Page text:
Regional food southwestern pizza

C-Store Food Trends: Regional Differences in Trending Food Products

National trends always seem to take center stage, year after year, when new data is accumulated and released by a number of reputable sources – government, NGO, industry, and otherwise. While these national trends are important drivers of revenue growth, equally important are the regional trends impacting each c-store’s local market.

Regional C-Store Food Trends

There is huge variability between product offerings at c-stores in different regions, states, or even just a few miles down the road from each other. Regional trends and data are to thank for these targeted differences.

Of course, it’s harder to pin these trends down – it takes a bit more research and an ear-to-the-ground mentality. Brands are utilizing digital technologies to better track their inventories, and distributors are using this more easily accessible data to deliver the right products, to the right places, at the right times. Overall, C-store food service is on the rise across the United States, but certain trends are driving revenue growth in specific parts of the nation.

Regional trends can also be difficult to pin down, because some span large swaths of the nation, and others are hyper-localized. Just as one example, MR Williams is headquartered in North Carolina – even in our mid-sized state, two distinct regional barbeque styles are represented in c-stores. In Eastern North Carolina, whole hog BBQ, smoked over hickory and mopped with a spicy vinegar-and-red-pepper based sauce is on the menu. For Western North Carolina, you’ll find “Lexington Style” BBQ – smoked pork shoulder, and a vinegar-and-tomato based sauce, with a bit of brown sugar for a whole different dimension. And folks are particular about their “local” foods!

Keeping it Local
When it comes to the consumer, 96% agree that in order for a food product to be considered local, it must be sourced and produced no more than 100 miles from where it is sold. This is a good benchmark, as there is no formal definition or regulation for what can be marketed as local!

One of the biggest takeaways when it comes to regional food trends: people want to feel a connection to the foods they eat. The localvore movement is alive and well, and impacting c-store sales more than ever before. Locally sourced products, with information on product origin, and locally-inspired flavor profiles are poised to rule the day.

Regional Products and Flavor Profiles
While it’s true that the localvore movement is represented nationwide, with 75% of Americans actively trying to incorporate more local foods into their diets, this looks different from region to region. Some products with known regional variations, like pizza, are enjoying an explosion in popularity, with c-stores striving to deliver authentic, local options from one market to the next.

With examples like pizza, not only are there different toppings to offer – there are countless styles that differ in taste, preparation, ingredients, and experience – from Chicago deep dish, to classic New York style, to Detroit square pizza, Rhode Island bar pizza, and more. These hyper-localized varieties are proving to be a revenue generator for c-stores! With 67% of consumers reporting that they are willing to pay a premium for local food products, this is a trend that presents a tremendous opportunity.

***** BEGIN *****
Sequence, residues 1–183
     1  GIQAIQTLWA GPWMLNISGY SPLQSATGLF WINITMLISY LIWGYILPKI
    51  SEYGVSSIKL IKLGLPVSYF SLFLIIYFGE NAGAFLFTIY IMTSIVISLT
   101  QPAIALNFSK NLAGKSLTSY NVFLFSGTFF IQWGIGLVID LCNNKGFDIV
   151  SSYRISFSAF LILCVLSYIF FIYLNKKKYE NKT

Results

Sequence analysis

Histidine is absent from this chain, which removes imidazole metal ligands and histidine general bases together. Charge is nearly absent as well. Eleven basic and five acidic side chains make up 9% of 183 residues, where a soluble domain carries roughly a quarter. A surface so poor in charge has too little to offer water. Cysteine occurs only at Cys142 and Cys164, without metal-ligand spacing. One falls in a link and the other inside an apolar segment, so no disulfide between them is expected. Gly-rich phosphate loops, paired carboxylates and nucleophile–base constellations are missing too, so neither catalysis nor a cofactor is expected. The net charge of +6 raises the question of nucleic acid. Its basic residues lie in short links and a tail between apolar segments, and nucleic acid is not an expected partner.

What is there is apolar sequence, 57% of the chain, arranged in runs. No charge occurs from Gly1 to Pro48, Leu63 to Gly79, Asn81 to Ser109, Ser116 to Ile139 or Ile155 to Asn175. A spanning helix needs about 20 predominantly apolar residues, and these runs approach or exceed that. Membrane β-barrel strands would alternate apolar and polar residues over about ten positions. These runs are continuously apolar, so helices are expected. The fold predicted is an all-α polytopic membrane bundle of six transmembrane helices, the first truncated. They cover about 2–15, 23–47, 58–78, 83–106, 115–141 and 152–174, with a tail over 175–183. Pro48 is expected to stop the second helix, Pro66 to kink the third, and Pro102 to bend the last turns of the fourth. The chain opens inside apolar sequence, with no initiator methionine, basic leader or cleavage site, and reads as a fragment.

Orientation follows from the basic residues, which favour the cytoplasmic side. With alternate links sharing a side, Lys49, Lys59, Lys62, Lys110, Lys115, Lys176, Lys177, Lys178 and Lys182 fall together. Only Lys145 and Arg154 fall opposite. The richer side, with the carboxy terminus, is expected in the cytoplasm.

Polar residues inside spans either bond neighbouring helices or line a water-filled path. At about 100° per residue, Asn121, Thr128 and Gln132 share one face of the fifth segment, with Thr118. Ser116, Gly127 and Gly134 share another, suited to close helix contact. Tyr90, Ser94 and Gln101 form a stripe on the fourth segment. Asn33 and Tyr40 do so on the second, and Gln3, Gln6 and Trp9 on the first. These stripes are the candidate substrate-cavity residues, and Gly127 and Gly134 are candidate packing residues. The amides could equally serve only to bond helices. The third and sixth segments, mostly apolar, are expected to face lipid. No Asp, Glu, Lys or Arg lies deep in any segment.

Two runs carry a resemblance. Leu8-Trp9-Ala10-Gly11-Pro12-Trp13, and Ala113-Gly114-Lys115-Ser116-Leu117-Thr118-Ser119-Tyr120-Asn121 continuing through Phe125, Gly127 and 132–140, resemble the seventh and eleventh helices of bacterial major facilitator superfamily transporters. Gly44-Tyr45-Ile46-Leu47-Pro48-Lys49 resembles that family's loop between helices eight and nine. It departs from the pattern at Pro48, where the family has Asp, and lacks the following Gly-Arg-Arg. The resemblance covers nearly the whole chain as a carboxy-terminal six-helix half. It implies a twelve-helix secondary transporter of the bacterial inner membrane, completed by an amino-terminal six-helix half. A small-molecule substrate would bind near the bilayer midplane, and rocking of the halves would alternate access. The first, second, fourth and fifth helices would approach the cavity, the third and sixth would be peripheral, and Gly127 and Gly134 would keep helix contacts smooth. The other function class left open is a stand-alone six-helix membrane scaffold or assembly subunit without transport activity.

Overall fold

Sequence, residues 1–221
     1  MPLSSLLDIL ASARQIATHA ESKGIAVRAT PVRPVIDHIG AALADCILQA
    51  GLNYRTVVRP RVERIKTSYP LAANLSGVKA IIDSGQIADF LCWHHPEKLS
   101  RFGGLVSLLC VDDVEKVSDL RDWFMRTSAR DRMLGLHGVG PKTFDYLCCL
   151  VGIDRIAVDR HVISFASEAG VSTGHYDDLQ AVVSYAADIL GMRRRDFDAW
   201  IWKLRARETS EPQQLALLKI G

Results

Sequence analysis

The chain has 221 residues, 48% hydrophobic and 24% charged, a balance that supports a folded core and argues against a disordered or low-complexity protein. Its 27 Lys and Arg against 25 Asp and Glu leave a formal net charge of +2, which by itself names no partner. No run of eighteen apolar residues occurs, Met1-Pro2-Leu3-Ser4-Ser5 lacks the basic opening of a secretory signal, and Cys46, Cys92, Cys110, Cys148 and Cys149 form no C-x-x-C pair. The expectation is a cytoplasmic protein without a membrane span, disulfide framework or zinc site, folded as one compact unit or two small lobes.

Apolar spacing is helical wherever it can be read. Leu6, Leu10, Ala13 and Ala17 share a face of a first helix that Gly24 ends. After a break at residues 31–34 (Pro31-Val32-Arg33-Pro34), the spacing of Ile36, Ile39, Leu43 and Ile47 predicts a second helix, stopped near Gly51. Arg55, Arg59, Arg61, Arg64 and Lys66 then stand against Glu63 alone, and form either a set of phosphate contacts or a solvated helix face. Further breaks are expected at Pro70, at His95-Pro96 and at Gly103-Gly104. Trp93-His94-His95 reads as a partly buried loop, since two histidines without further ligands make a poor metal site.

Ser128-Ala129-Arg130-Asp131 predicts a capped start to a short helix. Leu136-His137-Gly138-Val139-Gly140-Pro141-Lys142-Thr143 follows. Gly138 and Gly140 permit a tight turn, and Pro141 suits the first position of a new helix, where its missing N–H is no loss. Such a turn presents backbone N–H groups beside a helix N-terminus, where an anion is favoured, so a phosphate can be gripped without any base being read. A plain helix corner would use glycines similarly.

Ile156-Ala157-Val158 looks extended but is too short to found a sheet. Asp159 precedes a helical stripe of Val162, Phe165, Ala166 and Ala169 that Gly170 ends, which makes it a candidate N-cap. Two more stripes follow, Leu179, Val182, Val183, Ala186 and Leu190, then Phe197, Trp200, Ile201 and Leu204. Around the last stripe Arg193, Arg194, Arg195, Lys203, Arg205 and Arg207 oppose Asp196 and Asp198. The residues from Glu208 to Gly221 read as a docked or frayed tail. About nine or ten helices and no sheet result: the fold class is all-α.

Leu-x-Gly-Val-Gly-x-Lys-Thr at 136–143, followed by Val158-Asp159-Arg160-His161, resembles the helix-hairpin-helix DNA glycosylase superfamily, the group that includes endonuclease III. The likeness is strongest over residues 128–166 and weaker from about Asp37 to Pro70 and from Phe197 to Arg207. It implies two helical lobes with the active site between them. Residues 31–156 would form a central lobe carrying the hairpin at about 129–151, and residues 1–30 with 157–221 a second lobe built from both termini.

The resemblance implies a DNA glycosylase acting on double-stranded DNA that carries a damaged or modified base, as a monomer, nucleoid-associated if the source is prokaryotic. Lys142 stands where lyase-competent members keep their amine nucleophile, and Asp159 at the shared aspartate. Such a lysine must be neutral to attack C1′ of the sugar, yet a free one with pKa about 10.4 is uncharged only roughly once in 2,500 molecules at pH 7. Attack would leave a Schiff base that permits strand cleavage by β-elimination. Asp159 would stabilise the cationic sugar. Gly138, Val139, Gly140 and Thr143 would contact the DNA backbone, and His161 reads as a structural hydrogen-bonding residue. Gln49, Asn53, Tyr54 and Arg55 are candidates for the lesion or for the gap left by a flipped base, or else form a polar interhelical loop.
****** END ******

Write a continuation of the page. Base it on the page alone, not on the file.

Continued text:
What regional trends are impacting our territories?

The northeast region is a hotbed for locally sourced foods. Demand for local, fresh produce, meat, and dairy products is particularly high in this region.

Fresh foods, salads, and ready-to-eat meals are all trending up in this region. Like elsewhere in the country, emerging flavor profiles from around the world are also being highlighted alongside these local options.

The mid-Atlantic region is seeing more of an influx in local snack foods, jerkies, and some comfort food staples traditionally associated with more southern regions. The spicy food trend growing across the nation can also be seen prominently in the mid-Atlantic.

Brewed teas, bean-to-cup coffees, and fresh sparkling water options are slaking thirst more and more in the mid-Atlantic, as well. This region is also seeing an above-average increase in drive-throughs at c-stores, which is impacting the amounts and types of food products being sold.

The southeast region is seeing two trends simultaneously – an increase in traditional southern style comfort foods is prevalent, but the ethnic food segment is currently the fastest growing of all. Mexican, South American, and Asian flavors are currently trending up in the southeast, alongside new variations on old favorites like chicken and biscuits.

Regional Trends Summary

People like to feel a connection with the foods they eat and the products they purchase. One of the most direct ways to form that connection is by buying locally grown or produced foods. Leaning into traditional local foods and flavor profiles is another way. Some staple food products have variations in nearly every major market, while other food products are hyper-local entirely. These trends present a great opportunity for c-stores, as the majority of consumers report being willing to spend more for foods that are “local” – which consumers generally think of as being produced less than 100 miles away.

2023-2024 Food Trends Guide: Now Available!

See our complete 2023-2024 Convenience Store Food Trends guide for more insights that can help you grow sales in your stores.

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